Great Scott! How to hoax the planet (by accident)
Next year marks 10 years since Back To The Future was re-released. Which means almost 10 years have passed since Future Publishing’s popular entertainment magazine Total Film hoaxed the planet. We didn’t know yet about fake news or how quickly it can spread. To be fair, it was an accident. And it was my fault.
What the hell is Future Day?
Let’s start by confirming, for the record, it’s definitely not 5 July 2010. Future Day is the day that Marty McFly appears in the future to save his family in Back To The Future Part 2. It is actually 21 October 2015. And that is when Universal decided to do a 30 year anniversary re-release of the film in cinemas.
So why am I thinking about this now? A pal of mine recently referred to the Future Day hoax as my claim to fame. It’s been nine years and I am now a very serious, responsible and successful product manager but apparently my sole claim to fame is that I am still *that* person. So - 10 years on nearly - here is my side of the events.
How it came about
The Total Film twitter account was - back in 2010 - the sole territory of a probably the world’s greatest social media manager until WeRateDogs VS Brent happened in 2018, a guy called Dan Dalton. When he left Future Publishing, he went on to be a journalist for Buzzfeed where he wrote a confessional about the fiasco to celebrate the real Future Day.
In both this article and a few others (about a million others) including this from The Washington Post, I am obliquely referred to as some person who had just watched the film.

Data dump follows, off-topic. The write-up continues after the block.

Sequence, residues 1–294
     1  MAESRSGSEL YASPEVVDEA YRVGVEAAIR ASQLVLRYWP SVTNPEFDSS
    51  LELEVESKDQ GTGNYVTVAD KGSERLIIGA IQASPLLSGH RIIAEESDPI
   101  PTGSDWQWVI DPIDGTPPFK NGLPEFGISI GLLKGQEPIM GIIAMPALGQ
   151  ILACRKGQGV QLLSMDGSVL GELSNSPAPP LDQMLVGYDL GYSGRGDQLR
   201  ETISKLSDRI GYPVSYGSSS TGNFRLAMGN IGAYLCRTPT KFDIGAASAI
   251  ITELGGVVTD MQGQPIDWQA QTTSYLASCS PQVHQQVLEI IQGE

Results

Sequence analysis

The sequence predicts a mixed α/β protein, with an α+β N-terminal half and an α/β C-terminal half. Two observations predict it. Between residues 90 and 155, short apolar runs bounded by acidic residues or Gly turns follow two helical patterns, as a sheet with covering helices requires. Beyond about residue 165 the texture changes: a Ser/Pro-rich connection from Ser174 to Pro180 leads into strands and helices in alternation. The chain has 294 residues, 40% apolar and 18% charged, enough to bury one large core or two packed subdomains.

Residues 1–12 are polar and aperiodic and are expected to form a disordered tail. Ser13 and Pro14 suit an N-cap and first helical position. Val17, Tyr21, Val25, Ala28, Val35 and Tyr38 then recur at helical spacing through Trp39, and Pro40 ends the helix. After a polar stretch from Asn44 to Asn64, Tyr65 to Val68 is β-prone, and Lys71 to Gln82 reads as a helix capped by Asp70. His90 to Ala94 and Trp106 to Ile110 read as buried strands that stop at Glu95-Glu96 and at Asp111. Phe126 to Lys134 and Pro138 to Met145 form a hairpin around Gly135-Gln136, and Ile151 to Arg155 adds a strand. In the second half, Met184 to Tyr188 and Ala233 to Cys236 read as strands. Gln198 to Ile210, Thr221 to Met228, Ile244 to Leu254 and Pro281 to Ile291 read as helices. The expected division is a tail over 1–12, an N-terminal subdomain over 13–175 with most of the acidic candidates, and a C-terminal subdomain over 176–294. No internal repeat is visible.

I am a geek - there are no two ways about it - and my job at the time was a sort of junior product manager responsible for a few digital brands at the once mighty Future Publishing. I usually worked with tech journos but for a year or so I hobnobbed with the mix of ultra cool and mega-nerd people that ran Total Film, once one of the top two most popular film mags in the UK. I launched a digital rebrand and tried to sort out the hell hole of their content management system, stuff like that. The team was made up of utterly terrifying, brilliant people - gonzo journos, about to be published authors and people who - unlike me - could film nerd it as an Olympic sport. I wanted to be in with them.
On 4 July 2010 I’d been out for most of the day with some friends and fell asleep in front of BTTF Part 1 which was on the telly that evening (probably thanks to one of the many ITV channels). Doc Brown types three dates into the time circuits (birth of Christ, signing of the declaration of independence and the day he invented time travel: 5 Nov 1955).
Waking with a hangover, I cycled into work in Marylebone and did not feel any the better for it. I stumbled to my desk and spotted an opportunity to contribute something to the fog of social media glory that Dan quietly churned out daily. I burbled some words to him about the dates typed into the time circuits and yesterday being one of them. Or so I intended.
I wish Wish WISH I could remember what I said in detail. I couldn’t a few minutes later and I definitely can’t now but that was it. A poorly stated fact, mumbled to Dan across the desks followed by an inaccurate Tweet and the Future Day hoax erupted.
And it went on for all of that day, the week and - looking back - the next five years until the actual Future Day in 2015.
And what happened to us? Well, I wanted to die for most of the day because of the hangover but also because no matter what Dan did the legacy of that tweet ran off in so many directions. As Dan says: